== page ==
Brendan Coyle, known to many as Mr. Bates from Downton Abbey, was also notable as Nicholas Higgins. I thought his portrayal of a dutiful father and passionate union leader was memorable though his conspicuous and ubiquitous display of chest hair was a bit disconcerting to be honest.
Ross gave special mention to Tim Pigott-Smith who he remembered from films such as V for Vendetta, Quantum of Solace and Gangs of New York. In a bit of circle-of-life casting, Piggott-Smith played Frederick Hale, Margaret’s brother on the run, in the 1975 version of North & South. Three decades later he returned as Richard Hale, father of Margaret and Frederick, a man so righteous he sacrificed the comfort of his family for his beliefs.
And speaking of Frederick, my son was also delighted to see Rupert Evans show up as Margaret’s wayward brother. His love of Hellboy knows no bounds and he recently discovered Evans in the Ken Follet mini-series World Without End which he highly recommends as well.
Representation of the period
When watching period productions, one expects to discover something about history we didn’t know before. Be they very grand like Wolf Hall which dramatizes the reign of Henry VIII or even a sitcom like Up the Women about the British suffragette movement, some basic level of accuracy must be depicted if we’re to understand the context of the times.
Dramatic retelling is a very interesting plot device, in this case using the North & South as a microcosm for regional distinctions in mid-1800’s England. Two very different ways of life collide when southerner Margaret meets northerner Mr. Thornton. The South of England was primarily agricultural and the base for landed gentry and the aristocracy. On the other hand, the North was the center of the industrial revolution populated with self-made masters and their exploited workers on the verge of unionization. This grimy, cold, harsh region is a stark contrast to the bucolic, temperate South.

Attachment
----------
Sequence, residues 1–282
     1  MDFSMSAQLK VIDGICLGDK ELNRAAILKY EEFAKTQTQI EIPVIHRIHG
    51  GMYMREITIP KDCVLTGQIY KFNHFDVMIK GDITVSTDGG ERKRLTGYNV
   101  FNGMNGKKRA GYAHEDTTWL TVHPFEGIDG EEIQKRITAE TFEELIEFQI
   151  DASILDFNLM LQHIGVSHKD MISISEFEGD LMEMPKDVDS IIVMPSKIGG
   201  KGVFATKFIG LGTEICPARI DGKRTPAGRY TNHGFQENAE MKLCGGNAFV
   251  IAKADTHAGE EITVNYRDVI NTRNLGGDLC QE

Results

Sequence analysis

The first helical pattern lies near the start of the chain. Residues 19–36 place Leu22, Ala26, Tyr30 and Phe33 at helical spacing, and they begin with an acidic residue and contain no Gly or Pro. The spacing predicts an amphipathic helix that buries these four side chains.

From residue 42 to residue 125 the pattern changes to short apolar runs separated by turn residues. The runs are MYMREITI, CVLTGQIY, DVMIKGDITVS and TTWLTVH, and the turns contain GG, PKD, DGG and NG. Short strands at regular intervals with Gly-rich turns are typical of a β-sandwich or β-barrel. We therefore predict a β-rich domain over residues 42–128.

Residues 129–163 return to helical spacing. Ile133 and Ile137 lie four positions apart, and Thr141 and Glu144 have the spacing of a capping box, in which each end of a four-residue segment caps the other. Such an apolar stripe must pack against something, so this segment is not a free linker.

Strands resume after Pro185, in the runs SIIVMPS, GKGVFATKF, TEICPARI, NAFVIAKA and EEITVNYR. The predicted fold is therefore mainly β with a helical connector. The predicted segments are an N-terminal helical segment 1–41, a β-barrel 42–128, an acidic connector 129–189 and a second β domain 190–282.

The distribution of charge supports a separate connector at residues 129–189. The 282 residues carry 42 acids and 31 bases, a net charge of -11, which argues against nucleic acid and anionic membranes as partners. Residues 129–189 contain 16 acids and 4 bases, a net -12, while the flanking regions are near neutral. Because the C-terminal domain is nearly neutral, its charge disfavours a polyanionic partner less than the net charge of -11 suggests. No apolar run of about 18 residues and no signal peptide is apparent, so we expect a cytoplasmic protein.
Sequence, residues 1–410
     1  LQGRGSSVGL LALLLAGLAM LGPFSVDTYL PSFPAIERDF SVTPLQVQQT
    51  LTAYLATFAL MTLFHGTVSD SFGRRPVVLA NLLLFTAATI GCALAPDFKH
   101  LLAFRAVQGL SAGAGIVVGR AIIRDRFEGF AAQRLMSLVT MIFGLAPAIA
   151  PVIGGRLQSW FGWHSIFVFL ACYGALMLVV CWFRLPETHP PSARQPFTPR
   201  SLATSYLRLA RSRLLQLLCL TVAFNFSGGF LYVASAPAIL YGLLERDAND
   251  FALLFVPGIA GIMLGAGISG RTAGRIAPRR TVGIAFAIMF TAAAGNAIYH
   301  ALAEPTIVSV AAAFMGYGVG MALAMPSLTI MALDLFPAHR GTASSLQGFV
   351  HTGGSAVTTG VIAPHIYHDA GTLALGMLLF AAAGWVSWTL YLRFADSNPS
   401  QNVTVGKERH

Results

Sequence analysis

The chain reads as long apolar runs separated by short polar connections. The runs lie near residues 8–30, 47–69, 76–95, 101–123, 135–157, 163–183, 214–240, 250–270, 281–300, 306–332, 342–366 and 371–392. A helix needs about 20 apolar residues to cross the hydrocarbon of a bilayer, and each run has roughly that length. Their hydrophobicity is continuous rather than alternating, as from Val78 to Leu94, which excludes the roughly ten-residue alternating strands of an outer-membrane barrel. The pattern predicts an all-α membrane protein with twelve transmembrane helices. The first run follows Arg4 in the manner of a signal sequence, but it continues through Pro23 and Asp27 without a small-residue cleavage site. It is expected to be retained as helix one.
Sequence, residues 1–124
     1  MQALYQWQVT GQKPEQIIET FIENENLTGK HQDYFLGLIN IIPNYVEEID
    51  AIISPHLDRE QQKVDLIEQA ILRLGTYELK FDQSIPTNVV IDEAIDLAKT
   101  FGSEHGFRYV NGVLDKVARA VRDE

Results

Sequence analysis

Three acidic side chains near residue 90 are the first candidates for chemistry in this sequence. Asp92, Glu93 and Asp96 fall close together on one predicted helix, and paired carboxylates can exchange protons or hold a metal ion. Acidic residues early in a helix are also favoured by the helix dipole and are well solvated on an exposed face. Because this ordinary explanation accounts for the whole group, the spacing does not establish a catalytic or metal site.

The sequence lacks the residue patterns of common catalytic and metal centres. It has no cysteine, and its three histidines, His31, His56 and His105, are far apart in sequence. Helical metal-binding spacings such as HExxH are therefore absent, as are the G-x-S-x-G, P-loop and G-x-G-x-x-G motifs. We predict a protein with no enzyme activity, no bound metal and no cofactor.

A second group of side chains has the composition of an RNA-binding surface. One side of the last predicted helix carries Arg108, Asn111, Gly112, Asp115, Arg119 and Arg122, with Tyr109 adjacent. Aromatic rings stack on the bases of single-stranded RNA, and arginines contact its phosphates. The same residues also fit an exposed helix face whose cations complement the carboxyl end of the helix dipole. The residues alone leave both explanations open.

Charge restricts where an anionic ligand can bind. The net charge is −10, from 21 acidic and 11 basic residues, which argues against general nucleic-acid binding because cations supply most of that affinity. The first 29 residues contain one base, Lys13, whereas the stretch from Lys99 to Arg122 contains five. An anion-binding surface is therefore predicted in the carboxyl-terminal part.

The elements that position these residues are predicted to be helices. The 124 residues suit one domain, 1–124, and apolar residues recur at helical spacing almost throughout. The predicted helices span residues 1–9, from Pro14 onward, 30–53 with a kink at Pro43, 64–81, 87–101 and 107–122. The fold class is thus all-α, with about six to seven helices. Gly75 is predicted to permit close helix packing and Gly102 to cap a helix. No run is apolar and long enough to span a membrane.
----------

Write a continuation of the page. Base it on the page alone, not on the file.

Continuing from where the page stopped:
So we learned that deadly pneumoconiosis was contracted by workers like Bessy from exposure to the cotton fibers in the mills; that it’s perfectly acceptable for men and women shake hands in the North; and that when poor children were orphaned they were at the mercy of kind neighbors to take them in since there apparently wasn’t a Children’s Services department to place them in foster care. North & South is like a Jane Austen romance with an enhanced social conscience. In fact, acclaimed author Charles Dickens who was famous for criticizing the Victorian society he wrote about was Elizabeth Gaskell’s editor.
Period dramas should transport us back in time and many elements play a part in that journey. I thought the score, written by Martin Phipps, not only achieved its intended task of making us feel the appropriate emotions, but it was also just lovely to listen to. Ross praised the screenwriting and dialogue of Sandy Welch, who adapted Gaskell’s novel for the small screen. Here’s a brilliant example of words, music and haunting images coming together to make a considerable and lasting impression on the viewer.
The concept of “otherness” is part of the human condition. Regional suspicions and general dislike fuel the conflict between northern and southern ways of life in the series. When Margaret first met the townspeople in her new home of Milton, she judged them to be rough and too concerned with money and trade. Meanwhile, most Miltonians found the Southern intellectualism and manners of the Hales to be arrogant, insincere and useless.
Today social, economic and political conditions still tend to diverge along North/South lines in the UK and other parts of the world as well. But we’ll let the Map Men explain the whole North-South Divide issue with humor and visual aids.
Join us next time as we discuss the 2011 BBC sci-fi series Outcasts which stars Hermione Norris, Liam Cunningham and Daniel Mays and can be streamed on Netflix…at least for the time being.